One could object that their universities had not failed them. After all, the whole culture directs them to do what they did, and to focus their energies in the way that they had focused them. But Institutions of higher learning have tremendous influence on young people, and my strangers had all gone straight from secondary schooling to universities or four-year colleges.
Faced with my unhappy thirty-somethings I tried to think about the difference between people whose lives are hollow and people whose lives are full. I am a philosopher. We don’t have data. We have anecdotes. And in stories and writings we look for patterns, and we tend to look for patterns in an abstract sort of way with an eye toward catching sight of a problem.
It did not take much work to sense the problem that had hollowed out the lives of these beautiful young people. They had been fed a steady diet of the need to perform, to actualize themselves, to get an increasingly articulate sense of who they were and what they cared about, to find themselves, to express themselves, to meet the standards of their professions, to get ahead, and to use all of that effort to put together a secure life for themselves and any children who might come their way. Hollow people running to and fro in the shells of very busy lives punctuated by highs having to do with additional achievement spikes at work, fancy holidays in exotic places, and the undeniably wonderful things that the children said and did now and then, or genuinely heartwarming exchanges with the dogs or the cats. Higher education in the United States had prepared them for nothing better than this.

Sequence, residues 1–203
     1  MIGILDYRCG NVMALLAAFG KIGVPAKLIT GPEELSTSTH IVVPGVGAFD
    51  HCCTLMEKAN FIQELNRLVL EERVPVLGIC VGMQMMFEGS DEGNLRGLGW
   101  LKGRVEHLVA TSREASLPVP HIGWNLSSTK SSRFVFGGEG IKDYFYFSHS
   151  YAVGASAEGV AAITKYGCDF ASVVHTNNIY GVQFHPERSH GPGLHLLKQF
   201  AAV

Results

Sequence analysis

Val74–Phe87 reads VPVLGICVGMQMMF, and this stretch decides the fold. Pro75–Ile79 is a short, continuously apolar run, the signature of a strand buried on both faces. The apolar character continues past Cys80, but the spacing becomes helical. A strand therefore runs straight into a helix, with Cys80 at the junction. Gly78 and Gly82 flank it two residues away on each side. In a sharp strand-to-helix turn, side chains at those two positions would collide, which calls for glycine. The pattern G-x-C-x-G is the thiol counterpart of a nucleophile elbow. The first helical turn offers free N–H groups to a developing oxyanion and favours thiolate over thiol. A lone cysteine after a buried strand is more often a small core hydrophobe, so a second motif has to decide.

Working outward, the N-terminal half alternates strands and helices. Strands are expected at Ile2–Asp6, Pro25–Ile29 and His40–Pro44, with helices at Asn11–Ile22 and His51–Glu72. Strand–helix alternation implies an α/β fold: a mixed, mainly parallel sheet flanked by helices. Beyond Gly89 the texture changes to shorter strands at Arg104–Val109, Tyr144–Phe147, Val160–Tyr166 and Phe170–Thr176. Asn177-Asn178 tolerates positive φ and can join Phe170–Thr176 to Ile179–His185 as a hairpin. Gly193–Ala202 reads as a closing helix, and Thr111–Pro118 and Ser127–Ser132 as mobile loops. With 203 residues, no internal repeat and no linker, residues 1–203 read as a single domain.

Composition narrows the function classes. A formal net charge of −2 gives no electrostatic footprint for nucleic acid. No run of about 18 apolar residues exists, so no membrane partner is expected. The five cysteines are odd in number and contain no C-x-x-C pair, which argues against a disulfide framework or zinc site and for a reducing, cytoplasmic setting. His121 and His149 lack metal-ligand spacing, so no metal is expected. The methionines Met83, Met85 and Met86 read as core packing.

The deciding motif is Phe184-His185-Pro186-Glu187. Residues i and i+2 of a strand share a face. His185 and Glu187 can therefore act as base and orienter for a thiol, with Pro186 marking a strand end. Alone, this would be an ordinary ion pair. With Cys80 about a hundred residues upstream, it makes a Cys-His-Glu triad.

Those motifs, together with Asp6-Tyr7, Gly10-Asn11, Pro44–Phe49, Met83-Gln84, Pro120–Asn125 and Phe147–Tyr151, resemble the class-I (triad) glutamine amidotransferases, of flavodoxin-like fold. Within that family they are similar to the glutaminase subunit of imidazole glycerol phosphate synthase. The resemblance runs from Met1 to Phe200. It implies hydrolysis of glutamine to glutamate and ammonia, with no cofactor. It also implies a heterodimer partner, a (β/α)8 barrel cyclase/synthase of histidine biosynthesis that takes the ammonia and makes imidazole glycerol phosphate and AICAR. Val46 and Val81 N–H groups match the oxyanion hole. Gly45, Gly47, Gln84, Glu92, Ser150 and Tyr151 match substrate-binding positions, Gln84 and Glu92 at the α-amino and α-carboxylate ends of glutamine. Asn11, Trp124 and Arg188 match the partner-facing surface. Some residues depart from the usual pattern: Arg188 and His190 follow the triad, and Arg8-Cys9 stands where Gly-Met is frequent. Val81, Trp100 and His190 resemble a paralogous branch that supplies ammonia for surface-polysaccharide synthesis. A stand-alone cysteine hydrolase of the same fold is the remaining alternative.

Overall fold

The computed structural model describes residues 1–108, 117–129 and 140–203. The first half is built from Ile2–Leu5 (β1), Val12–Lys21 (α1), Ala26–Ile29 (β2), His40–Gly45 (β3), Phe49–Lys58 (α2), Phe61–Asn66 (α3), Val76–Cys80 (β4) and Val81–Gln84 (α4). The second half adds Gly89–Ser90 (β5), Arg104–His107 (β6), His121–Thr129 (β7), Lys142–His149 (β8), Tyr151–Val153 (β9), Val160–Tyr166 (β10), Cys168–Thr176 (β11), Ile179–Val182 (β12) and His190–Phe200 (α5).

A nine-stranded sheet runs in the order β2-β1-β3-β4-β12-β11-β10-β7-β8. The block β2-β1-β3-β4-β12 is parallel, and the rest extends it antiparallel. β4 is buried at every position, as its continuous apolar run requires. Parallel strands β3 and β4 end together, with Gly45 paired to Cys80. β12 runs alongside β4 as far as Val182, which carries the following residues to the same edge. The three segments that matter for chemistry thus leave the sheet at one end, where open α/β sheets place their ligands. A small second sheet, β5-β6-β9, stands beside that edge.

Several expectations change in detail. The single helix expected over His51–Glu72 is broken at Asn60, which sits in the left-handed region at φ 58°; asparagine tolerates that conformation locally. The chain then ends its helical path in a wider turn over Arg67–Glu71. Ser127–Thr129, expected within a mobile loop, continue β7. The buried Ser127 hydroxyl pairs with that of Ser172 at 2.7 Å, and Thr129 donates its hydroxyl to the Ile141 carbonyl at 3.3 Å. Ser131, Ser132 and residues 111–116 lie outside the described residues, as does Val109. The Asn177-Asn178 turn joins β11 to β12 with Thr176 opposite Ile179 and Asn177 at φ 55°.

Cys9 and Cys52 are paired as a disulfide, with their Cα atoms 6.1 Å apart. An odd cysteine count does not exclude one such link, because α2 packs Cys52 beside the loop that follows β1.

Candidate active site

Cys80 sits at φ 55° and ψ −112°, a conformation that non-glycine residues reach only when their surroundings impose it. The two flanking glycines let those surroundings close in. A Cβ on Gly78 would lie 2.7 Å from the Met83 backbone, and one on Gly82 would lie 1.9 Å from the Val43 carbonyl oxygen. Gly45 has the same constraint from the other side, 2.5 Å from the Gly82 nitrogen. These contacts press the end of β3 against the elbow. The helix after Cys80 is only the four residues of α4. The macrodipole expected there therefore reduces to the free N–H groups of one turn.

Frankly, it’s not worth it if that’s all we have to offer.
We are meant to guide and help them make a transition from home to the world in a way that equips them to act well. At their ages, with their tasks, and with our resources, moral formation will take place on campuses whether we like it or not. Higher education failed my thirty-somethings either by failing to attend to this obvious point, or else by attending to it and having whole modes of formation built right into the design and conduct of every class that cannot but churn out highly successful hollow people who are, of course, more likely than many to pay back their student loans.